Year-End Tax and Investment PlanningSubmitted by LWM | Linden Wealth Management LLC on October 21st, 2020
Year-End Tax and Investment Planning
By taking a proactive role in tax and investment planning, you can save yourself a lot in taxes, improve returns, and ensure that more money remains working toward your goals — and less going to the IRS.
The end of the year is the perfect time to review financial planning needs with a professional. The checklist below can help you review your investment portfolio, assess year-end tax planning opportunities, review retirement goals, and manage wealth transfer and legacy plans. You may also want to consult a tax professional as you comprehensively consider your options.
The 2020 Year-End Planning Checklist:
✓ Investment Portfolios
- Recognize capital gains/losses.
- Review strategies to avoid wash loss sales.
- Consider executive compensation provisions.
- Rebalance portfolios.
✓ Income Tax
- Manage income tax brackets.
- Lower taxable income for closely-held business owners.
- Ensure appropriate tax withholding.
- Reduce AMT liability.
- Evaluate state income/estate taxes.
✓ Retirement Planning
- Fund retirement accounts.
- Contribute to health savings accounts.
- Fund Roth accounts for children.
- Weigh Roth conversions.
- Review beneficiary designations.
- Weigh retirement account distributions and withdrawal strategies.
- Review benefit selections for Social Security and Medicare.
✓ Wealth Transfer and Legacy Planning
- Make annual gifts.
- Fund 529 plans.
- Fund charitable giving.
- Consider Donar Advised Funds.
- Elect qualified IRA charitable distributions.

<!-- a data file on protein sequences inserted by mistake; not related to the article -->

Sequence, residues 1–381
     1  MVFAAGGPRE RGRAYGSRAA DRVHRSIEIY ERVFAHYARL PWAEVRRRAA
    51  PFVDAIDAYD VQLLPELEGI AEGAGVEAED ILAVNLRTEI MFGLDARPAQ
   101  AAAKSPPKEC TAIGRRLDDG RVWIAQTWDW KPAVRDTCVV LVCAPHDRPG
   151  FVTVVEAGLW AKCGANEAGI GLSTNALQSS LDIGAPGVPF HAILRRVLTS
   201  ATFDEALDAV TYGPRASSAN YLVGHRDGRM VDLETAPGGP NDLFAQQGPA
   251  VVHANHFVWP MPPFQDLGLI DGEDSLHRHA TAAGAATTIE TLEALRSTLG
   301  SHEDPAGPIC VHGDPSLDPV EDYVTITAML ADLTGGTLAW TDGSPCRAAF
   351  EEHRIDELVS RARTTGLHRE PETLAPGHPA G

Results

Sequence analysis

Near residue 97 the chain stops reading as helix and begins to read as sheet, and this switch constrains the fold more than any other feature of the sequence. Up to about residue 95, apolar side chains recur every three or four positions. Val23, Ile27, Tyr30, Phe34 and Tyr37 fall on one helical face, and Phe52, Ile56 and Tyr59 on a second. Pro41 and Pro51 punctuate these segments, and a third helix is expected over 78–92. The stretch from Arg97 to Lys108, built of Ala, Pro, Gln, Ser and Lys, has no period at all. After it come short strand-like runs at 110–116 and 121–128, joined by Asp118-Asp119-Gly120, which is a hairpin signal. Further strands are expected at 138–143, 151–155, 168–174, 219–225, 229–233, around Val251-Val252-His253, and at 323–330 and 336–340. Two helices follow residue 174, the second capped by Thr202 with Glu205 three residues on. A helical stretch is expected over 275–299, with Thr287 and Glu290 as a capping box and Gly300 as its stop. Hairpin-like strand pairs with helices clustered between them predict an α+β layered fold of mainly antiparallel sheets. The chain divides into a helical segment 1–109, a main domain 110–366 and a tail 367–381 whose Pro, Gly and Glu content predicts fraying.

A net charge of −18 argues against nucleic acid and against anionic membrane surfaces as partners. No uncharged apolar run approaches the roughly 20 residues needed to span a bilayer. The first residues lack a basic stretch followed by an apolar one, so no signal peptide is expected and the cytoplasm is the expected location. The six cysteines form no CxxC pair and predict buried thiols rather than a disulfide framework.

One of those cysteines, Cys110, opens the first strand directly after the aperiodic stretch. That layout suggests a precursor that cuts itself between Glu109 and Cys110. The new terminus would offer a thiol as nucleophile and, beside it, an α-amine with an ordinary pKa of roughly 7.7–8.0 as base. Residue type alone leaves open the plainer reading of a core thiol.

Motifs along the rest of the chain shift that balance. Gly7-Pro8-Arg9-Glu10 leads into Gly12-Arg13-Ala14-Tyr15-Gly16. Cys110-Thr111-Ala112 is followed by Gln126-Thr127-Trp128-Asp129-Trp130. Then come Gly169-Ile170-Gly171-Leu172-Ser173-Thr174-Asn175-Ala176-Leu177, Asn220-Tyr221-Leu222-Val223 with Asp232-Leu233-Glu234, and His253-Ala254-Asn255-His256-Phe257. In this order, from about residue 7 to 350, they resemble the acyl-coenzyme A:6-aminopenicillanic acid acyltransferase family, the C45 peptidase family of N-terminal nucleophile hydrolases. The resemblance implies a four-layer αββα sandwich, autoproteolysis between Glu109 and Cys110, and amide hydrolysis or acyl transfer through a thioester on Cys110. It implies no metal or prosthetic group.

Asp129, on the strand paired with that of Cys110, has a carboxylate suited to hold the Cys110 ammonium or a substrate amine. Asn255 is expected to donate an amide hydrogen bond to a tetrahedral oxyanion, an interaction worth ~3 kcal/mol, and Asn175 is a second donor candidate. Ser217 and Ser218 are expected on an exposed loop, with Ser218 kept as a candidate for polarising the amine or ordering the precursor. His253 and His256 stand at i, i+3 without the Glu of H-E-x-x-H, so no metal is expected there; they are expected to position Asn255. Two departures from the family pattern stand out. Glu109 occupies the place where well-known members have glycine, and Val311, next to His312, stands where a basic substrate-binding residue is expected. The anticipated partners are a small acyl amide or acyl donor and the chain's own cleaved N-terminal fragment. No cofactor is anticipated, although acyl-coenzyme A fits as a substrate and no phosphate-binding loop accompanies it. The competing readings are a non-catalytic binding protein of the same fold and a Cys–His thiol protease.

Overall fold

- Consider advanced estate planning strategies.
- Conduct family meetings/mission statements.
☼ Creative Planning Solutions
Investors might not realize the full breadth of planning solutions and options available to them. Each individual's situation is different, but we all share a similar objective of minimizing investment taxes when possible by taking full advantage of tax-deferred and tax-advantaged accounts. A few ideas:
- Converting your triple tax-advantaged health savings account (HSA), where contributions, growth, and withdrawals are all tax-free, into an investment account with annual contribution limits for families up to $7,100 or $8,100 for those over 55.
- Opening an HSA for adult children who have income and are still on their parent's plan with contributions up to $7,100.
- Solo 401-k for sole proprietors or those working with a spouse with annual contributions up to $63,000, including a Roth feature.
- Backdoor Roth contributions or conversions for individuals or couples with incomes above $124,000 and $196,000, respectively, with the desire to minimize future retirement taxes.
- Spousal IRA contributions for non-working spouses.
- Roth contributions for children with earned income.
- Front-loading 529 educational accounts to take full advantage of tax-deductions plus tax-free investment growth.
- Donor-Advised Funds (DAF) and qualified IRA charitable contributions to maximize charitable giving and deductions.
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*This content is developed from sources believed to be providing accurate information. The information provided is not written or intended as tax or legal advice and may not be relied on for purposes of avoiding any federal tax penalties. Individuals are encouraged to seek advice from their tax or legal counsel. Individuals involved in the estate planning process should work with an estate planning team, including their own personal legal or tax counsel. Neither the information presented nor any opinion expressed constitutes a representation by us of a specific investment or the purchase or sale of any securities. Asset allocation and diversification do not ensure a profit or protect against loss in declining markets.